The Coast News Group
Thermo Fisher
Thermo Fisher scientists volunteer at the first 8th grade DNA sequencing lab in 2017. Photo courtesy of CEF

Educational nonprofit, corporations invest in Carlsbad through STEM

CARLSBAD — STEM proponents are reimagining programs that can withstand the pandemic and prepare Carlsbad students for expanding scientific fields.

As a biotech hub, Carlsbad is able to bring together the Carlsbad Educational Foundation (CEF) and local corporate donors to fund about 40 educational programs, with a growing focus on science, technology, engineering and math.

But with an indefinite shift to online learning, the hands-on experience typically vital to STEM must now be reworked to either a virtual or socially distant platform.

“It’s important now more than ever to support these programs,” said CEF’s CEO, Michelle Ginn. “The challenge we face is that we have more to do, there’s more of a need for us and yet we have fewer resources.”

Thermo Fisher
Thermo Fisher scientists volunteer at the first 8th grade DNA sequencing lab in 2017. An annual program that typically takes place during spring, the lab is now one of the many STEM programs funded by the Carlsbad Educational Foundation that have been canceled due to COVID-19, causing the foundation to question how to maintain Carlsbad’s investment in STEM. Photo courtesy of CEF

Despite a fall in revenue, some key sponsors remain. Since 2014, Thermo Fisher has invested over $85,000 in FIRST Lego League robotics and elementary and middle school Science Days. Thermo Fisher’s support expanded in 2017 with an 8th-grade forensic lab program led by scientists that put their DNA sequencing curriculum into action.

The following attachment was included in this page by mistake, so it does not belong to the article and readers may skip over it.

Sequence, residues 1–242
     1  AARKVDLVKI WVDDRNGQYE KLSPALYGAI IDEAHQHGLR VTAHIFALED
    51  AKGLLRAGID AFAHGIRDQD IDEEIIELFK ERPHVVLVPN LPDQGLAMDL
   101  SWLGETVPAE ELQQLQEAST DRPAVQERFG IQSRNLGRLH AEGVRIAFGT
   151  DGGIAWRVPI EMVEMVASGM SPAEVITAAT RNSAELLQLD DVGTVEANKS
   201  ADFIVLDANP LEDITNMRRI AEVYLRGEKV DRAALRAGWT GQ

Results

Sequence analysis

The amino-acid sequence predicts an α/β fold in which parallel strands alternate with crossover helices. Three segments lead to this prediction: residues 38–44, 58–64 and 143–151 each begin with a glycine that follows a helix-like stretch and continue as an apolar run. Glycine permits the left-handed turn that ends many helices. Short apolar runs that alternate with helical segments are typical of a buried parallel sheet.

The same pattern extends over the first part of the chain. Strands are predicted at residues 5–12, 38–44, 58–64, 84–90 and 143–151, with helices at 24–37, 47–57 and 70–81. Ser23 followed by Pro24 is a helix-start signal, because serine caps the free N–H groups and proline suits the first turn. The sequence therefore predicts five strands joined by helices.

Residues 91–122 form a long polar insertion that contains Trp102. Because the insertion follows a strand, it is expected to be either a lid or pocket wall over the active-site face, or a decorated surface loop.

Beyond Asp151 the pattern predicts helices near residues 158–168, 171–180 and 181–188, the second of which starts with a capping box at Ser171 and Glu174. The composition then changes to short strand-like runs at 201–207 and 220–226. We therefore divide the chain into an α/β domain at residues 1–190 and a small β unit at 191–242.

Though in-person programs are halted, Thermo Fisher’s philanthropic support has continued throughout the pandemic.

“I’m really happy to see more students and young minds interested in STEM,” said Dr. Grace Zhang Li, a Thermo Fisher staff scientist. “There is always something exciting, something new– not only coronavirus. A challenge is a new opportunity for the people going into the field. What we’re experiencing right now just makes people feel like there’s more value in this work.”

Li estimates that we’ll see further growth in STEM industries over the next few years. Still, weak public school funding can leave students unprepared, which pushes CEF and companies like Thermo Fisher to engage students beyond the basic curriculum in hopes of filling those future jobs.

For instance, “STEAM” is rising in popularity, adding the arts as it applies to STEM. While CEF’s programs such as robotics employ an artistic focus with critical thinking and creativity, according to Li that vision actually aligns with the artistic design skills that are increasingly incorporated into Thermo Fisher’s product development team.

Despite an evolving platform for STEM programs, Ginn says these corporate partnerships highlight a common goal of expanding student experiences, bridging a gap between their curriculum and their community. It’s a long term investment, potentially paving the way for Carlsbad students to work for Carlsbad companies in the future.

“We have such an incredible community of STEM in San Diego, specifically Carlsbad,” Ginn said. “We know people that grow up here want to come back and work here, so by providing STEM education, we’re really hopeful that it comes full circle and that students can come back and contribute to our community here in Carlsbad.”